Kathleen Bush recently co-authored a paper on “Extreme Precipitation and Beach Closures in the Great Lakes Region: Evaluating Risk among the Elderly,” published in the International Journal of Environmental Research and Public Health. A summary of the study and its implications for swimmers and beach managers is available through the Grand Rapids Business Journal.
In 1991, the NH Office of State Planning completed a Squam Lakes Watershed Plan. In the twenty-three years since the plan was adopted, a lot has changed in the region, but yet this plan has not been updated.
This winter, several graduate students at Plymouth State University are enrolled in a land use planning class that focuses on teaching local planning concepts through an applied project. The class is working with the Squam Lakes Association (SLA) to learn about local town planning, identify current land use issues and priorities in area towns and the watershed, and determine how a new watershed plan might be cooperatively developed.
There will be a public meeting on Thursday, January 23, 2014 from 6:30-9:00 pm at the SLA Resource Center at 534 US Route 3 in Holderness to learn more about this project and discuss past, present, and future land use issues in the Squam Lakes Watershed. We are inviting Boards of Selectmen, Planning Boards, and Conservation Commissions from Ashland, Center Harbor, Holderness, Moultonborough, and Sandwich as well as the Lakes Region Planning Commission to this meeting, but anyone is welcome to attend.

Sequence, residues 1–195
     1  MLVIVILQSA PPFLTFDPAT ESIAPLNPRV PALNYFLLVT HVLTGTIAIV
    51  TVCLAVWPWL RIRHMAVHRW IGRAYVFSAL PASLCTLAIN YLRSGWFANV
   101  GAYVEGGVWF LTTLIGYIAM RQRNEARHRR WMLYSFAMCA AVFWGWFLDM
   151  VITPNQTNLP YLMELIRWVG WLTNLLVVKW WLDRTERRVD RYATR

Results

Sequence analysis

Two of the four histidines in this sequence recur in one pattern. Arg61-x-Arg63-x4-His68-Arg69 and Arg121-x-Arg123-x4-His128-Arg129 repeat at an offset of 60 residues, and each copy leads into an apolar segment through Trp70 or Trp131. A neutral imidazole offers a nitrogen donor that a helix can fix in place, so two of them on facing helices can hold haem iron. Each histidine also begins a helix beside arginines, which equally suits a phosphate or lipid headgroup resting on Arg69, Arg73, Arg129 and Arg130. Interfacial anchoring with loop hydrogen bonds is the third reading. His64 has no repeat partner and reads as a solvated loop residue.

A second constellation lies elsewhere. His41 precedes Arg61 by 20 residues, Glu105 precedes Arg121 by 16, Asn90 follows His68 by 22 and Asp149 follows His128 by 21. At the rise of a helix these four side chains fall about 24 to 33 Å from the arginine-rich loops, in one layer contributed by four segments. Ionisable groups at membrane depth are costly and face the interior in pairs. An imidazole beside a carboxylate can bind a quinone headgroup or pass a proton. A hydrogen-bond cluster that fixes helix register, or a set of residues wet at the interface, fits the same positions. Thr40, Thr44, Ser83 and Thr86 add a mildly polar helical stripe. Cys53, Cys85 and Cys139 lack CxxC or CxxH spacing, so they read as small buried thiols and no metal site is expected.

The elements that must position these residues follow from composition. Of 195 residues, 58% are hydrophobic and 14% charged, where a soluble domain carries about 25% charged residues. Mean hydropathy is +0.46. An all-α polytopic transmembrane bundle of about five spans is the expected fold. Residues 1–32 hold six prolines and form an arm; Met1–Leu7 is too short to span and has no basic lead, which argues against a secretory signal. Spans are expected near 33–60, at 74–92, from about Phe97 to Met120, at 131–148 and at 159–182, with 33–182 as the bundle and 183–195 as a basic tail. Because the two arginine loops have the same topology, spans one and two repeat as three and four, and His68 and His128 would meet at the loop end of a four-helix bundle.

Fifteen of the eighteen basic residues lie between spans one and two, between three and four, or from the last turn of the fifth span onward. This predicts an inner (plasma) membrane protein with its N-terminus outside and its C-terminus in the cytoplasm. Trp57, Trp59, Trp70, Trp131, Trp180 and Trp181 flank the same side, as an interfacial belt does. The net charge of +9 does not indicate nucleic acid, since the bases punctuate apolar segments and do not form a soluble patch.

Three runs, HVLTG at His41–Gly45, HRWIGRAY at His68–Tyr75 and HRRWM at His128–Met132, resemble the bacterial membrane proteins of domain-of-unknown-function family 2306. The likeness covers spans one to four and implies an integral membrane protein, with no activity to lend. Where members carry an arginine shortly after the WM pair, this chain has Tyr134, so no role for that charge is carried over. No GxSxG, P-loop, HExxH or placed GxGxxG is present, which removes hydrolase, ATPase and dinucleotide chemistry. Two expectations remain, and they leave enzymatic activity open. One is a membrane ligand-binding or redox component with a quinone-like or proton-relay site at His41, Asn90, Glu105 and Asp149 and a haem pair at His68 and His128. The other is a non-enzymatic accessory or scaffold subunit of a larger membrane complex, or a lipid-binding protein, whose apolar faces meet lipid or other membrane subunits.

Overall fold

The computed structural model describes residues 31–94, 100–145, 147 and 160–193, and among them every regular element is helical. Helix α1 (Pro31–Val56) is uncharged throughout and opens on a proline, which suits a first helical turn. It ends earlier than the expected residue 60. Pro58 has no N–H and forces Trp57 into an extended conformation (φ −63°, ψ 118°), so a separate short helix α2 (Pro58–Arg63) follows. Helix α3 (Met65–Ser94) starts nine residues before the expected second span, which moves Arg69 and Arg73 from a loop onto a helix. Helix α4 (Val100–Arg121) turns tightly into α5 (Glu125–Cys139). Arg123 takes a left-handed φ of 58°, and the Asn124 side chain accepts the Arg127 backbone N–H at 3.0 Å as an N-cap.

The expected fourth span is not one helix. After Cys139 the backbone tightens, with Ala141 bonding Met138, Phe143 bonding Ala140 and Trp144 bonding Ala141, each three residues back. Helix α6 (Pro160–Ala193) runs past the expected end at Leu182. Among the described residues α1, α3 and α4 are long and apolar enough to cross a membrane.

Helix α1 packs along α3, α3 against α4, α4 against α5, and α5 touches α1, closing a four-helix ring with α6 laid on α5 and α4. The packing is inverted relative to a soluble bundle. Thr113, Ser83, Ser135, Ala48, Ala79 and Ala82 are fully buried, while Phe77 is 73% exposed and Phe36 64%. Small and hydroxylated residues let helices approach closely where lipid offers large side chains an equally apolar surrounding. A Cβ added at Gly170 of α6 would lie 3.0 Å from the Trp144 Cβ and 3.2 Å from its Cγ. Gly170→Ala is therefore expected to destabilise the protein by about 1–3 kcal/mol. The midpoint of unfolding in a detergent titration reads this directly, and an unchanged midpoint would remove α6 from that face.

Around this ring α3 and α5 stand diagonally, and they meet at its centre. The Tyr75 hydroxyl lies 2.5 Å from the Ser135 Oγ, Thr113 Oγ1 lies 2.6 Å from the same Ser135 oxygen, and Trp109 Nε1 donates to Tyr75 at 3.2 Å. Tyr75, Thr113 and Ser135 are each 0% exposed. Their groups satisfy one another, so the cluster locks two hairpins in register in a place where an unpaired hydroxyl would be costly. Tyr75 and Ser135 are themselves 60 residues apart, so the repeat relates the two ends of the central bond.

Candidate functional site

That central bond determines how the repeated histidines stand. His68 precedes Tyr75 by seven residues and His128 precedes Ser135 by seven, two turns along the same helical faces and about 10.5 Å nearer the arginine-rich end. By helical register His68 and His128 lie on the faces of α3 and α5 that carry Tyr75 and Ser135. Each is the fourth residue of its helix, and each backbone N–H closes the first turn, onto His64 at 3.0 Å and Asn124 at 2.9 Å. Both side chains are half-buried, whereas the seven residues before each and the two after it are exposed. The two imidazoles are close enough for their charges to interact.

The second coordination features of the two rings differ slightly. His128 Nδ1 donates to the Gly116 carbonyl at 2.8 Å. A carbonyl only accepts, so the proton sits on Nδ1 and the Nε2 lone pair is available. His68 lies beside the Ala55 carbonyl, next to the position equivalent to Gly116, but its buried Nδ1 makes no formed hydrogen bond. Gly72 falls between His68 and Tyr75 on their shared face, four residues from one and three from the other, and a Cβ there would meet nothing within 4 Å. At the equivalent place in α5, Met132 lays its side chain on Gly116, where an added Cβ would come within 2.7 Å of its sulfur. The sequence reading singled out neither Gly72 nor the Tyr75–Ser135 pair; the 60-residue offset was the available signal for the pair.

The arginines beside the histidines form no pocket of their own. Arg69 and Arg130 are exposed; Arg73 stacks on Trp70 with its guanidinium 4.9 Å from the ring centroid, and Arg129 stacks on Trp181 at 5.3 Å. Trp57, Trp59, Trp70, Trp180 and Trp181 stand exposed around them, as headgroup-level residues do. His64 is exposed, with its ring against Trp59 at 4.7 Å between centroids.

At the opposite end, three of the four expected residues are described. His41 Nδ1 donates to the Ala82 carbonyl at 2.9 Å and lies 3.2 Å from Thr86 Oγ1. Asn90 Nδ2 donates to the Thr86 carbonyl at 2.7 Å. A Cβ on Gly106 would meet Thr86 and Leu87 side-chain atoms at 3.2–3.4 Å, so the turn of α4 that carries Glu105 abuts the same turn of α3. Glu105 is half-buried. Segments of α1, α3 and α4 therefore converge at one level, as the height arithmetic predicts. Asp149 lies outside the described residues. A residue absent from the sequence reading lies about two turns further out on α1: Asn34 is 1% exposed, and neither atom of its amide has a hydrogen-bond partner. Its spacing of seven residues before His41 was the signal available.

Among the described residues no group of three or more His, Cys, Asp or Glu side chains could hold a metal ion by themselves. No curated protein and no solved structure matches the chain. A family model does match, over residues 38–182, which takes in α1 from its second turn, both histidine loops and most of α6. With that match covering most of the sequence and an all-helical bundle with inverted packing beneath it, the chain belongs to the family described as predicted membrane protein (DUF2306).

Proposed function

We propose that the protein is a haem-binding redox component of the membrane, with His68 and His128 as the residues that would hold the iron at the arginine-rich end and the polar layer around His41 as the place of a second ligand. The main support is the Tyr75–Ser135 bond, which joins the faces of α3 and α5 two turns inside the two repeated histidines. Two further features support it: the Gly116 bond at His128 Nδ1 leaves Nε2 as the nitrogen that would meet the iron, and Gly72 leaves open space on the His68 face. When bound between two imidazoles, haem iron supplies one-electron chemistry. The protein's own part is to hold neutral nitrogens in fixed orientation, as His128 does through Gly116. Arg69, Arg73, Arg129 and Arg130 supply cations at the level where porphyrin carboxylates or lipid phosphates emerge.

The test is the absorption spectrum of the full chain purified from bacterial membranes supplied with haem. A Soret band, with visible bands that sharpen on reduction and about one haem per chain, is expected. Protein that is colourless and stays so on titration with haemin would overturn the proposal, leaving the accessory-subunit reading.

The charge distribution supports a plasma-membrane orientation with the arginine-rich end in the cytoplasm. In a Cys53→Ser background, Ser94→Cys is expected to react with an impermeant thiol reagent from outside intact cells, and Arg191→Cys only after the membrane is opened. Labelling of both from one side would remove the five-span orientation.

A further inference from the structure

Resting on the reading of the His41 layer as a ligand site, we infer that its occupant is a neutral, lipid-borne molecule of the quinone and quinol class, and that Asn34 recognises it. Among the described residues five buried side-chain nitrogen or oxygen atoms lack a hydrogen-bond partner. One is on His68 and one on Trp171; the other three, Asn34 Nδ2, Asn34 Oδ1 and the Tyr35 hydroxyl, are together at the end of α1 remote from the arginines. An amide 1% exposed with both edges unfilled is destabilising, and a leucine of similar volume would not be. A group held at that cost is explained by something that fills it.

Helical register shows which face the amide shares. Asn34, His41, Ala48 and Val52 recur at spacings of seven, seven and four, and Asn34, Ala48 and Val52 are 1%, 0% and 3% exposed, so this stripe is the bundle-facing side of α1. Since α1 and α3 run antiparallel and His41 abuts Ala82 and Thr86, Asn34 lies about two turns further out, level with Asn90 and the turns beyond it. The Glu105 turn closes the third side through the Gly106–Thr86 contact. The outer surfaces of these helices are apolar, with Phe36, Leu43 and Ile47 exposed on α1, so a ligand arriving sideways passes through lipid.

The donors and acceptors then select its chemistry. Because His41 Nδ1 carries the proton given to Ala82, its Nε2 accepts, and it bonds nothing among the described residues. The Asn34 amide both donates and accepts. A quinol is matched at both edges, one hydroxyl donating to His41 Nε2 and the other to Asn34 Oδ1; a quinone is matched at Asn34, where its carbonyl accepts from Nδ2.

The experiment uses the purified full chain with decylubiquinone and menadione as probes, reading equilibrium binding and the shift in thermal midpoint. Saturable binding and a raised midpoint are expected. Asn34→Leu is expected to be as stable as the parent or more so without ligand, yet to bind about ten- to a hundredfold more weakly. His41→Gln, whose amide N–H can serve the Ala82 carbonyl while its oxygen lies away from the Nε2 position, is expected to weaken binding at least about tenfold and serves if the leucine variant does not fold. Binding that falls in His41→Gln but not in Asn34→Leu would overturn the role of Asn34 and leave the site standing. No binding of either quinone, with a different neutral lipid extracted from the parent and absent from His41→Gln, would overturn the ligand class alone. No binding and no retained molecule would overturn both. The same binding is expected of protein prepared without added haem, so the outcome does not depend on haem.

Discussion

The meeting agenda will include an overview of watershed planning and the 1991 Squam Lakes Watershed Plan; preliminary work by the students in reviewing town Master Plans and land use regulations; a summary of the SLA’s conservation, education, and recreation programs; and discussion and input from all of you to gather your thoughts and ideas for future watershed planning efforts in the Squam Lakes Watershed.
For more information, please contact June Hammond Rowan (603-535-3218).